Master's Theses

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Date of Award

Summer 1966

Degree Name

Master of Arts (MA)

Department

English

Advisor

Dr. Samuel Hamilton

Abstract

This thesis is an exhaustive study of the words of Jesus which appear in the Synoptic Gospels. The purpose of the study is to show that Hebrew poetical parallelism is the major literary characteristic of the recorded words of Jesus. No consideration is given to theological problems or to the problems of date, authorship, and destination of the books. The structure of the thesis is based upon a chronological outline of the life of Jesus. The chapters consist of passages arranged to illustrate their poetical nature. A detailed analysis follows each of the passages in the first two chapters. However, chapters three and four consist only of the passages arranged in poetical form. Paul M. Biays, a graduate of Fort Hays Kansas State College, wrote a thesis in 1962, titles "Parallelism in Romans." He identified the various types of parallel construction, and traced the history of parallelism as a literary device. In 1964, Tracey R. Miller produced a thesis titled "Parallelism in James," which illustrated that parallelism is a major literary characteristic of that book. The present study assumes that the reader is acquainted with the theses of Biays and Miller. Such an assumption negates the need for the definition of technical terms or an explanation of the types of parallelism. For the sake of consistency with the existing theses, and for the sake of textual accuracy, the American Standard Version of the Bible is used throughout this study. The thesis shows, as Biays did with Romans and Miller did with James that Hebrew parallelism occurs so frequently in the words of Jesus it is a major literary characteristic. However, this statement is made concerning only the words of Jesus which appear in Matthew, Mark, and Luke.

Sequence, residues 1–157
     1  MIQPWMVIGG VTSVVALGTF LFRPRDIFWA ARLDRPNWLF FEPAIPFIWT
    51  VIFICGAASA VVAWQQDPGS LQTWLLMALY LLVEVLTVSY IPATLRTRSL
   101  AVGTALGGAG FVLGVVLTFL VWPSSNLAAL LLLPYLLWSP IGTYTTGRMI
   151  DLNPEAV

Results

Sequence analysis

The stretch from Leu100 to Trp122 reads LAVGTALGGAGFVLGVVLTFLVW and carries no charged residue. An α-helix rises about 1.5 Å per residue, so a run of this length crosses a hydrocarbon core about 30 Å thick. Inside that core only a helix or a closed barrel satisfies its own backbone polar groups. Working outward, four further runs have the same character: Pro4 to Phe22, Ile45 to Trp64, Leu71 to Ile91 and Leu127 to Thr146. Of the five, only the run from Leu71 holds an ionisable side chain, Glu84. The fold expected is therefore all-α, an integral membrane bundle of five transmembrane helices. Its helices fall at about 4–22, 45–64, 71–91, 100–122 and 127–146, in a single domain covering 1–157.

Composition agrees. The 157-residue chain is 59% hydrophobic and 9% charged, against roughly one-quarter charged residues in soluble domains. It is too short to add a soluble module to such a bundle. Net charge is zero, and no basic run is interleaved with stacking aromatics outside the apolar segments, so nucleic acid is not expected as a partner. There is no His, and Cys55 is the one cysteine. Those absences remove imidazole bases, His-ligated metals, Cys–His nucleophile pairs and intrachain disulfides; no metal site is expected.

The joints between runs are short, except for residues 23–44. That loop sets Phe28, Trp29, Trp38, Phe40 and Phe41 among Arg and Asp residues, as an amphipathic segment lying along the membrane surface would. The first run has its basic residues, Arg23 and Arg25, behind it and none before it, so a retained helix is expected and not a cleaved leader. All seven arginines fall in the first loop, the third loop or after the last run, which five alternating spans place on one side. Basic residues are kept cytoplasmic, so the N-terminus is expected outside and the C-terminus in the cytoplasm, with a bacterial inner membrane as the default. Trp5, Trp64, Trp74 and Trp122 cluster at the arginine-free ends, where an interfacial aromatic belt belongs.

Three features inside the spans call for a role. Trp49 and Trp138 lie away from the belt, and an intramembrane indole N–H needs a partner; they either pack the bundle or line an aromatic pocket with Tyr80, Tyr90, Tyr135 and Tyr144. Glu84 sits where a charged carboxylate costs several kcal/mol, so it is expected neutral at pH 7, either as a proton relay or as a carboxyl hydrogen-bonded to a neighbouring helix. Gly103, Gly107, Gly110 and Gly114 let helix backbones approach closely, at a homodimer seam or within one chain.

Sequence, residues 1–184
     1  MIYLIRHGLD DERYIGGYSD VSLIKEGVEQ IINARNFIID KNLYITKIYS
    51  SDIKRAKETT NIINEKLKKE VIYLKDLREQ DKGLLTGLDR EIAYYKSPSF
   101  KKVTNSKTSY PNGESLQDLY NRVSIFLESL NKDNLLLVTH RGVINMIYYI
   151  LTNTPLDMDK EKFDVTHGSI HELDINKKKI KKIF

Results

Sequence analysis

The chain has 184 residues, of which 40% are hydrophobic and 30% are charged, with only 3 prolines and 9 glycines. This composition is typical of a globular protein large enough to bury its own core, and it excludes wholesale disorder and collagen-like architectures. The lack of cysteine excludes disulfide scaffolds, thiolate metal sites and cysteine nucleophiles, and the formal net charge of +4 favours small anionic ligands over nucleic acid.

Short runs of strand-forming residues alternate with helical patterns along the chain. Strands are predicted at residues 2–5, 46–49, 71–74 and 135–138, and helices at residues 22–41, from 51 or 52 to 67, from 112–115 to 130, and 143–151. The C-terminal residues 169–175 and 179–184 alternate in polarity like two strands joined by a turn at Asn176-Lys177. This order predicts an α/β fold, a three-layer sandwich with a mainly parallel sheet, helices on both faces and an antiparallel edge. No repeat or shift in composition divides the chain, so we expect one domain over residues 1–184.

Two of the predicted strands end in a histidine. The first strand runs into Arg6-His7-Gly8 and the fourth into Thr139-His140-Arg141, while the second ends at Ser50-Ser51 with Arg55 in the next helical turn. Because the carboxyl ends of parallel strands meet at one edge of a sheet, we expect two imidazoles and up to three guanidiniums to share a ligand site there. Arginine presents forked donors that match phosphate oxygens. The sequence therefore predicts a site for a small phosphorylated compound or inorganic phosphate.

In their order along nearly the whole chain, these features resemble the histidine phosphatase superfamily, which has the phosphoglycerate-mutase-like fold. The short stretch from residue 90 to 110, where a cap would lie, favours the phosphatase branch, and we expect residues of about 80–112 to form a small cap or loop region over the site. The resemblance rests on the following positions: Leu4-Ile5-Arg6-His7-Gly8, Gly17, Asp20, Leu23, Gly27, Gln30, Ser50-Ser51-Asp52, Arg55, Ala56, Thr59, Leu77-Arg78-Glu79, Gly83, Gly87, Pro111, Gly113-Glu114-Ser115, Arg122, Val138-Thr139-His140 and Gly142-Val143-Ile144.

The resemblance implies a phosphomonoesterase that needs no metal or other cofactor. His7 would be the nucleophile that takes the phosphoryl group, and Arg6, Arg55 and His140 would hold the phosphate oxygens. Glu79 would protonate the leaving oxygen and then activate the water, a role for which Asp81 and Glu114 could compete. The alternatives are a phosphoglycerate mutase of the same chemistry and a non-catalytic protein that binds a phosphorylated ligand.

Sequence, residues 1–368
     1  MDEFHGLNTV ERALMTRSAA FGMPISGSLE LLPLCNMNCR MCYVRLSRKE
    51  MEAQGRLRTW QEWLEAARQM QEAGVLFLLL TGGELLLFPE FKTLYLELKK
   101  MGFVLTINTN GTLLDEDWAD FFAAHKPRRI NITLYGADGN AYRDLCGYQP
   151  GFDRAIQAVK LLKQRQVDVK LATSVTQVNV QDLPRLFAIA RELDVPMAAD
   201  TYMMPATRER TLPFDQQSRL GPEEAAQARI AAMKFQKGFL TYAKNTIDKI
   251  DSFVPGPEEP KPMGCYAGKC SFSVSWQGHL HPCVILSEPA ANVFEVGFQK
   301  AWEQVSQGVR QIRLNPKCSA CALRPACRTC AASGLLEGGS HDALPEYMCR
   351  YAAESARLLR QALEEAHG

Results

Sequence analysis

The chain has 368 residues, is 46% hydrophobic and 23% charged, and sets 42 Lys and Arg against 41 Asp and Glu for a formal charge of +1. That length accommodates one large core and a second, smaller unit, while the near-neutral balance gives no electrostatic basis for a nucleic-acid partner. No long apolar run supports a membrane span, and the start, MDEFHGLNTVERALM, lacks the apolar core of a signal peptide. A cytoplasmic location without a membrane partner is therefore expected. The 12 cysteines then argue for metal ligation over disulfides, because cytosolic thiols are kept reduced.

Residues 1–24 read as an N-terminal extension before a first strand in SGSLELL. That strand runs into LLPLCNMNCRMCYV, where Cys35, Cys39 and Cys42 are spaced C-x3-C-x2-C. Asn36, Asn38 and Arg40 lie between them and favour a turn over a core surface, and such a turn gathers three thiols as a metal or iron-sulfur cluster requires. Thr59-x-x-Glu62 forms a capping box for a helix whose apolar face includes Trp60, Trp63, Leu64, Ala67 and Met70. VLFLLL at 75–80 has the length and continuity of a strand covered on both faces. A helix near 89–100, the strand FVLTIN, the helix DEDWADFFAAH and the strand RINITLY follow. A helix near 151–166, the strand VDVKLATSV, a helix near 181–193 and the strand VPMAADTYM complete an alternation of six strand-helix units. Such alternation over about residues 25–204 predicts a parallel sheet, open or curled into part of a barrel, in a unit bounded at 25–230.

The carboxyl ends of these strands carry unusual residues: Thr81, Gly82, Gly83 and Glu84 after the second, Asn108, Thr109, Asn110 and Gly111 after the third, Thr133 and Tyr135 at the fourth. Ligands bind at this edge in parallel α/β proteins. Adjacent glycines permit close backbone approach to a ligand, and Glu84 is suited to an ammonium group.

Rights

Copyright 1966 James C. Keck

Comments

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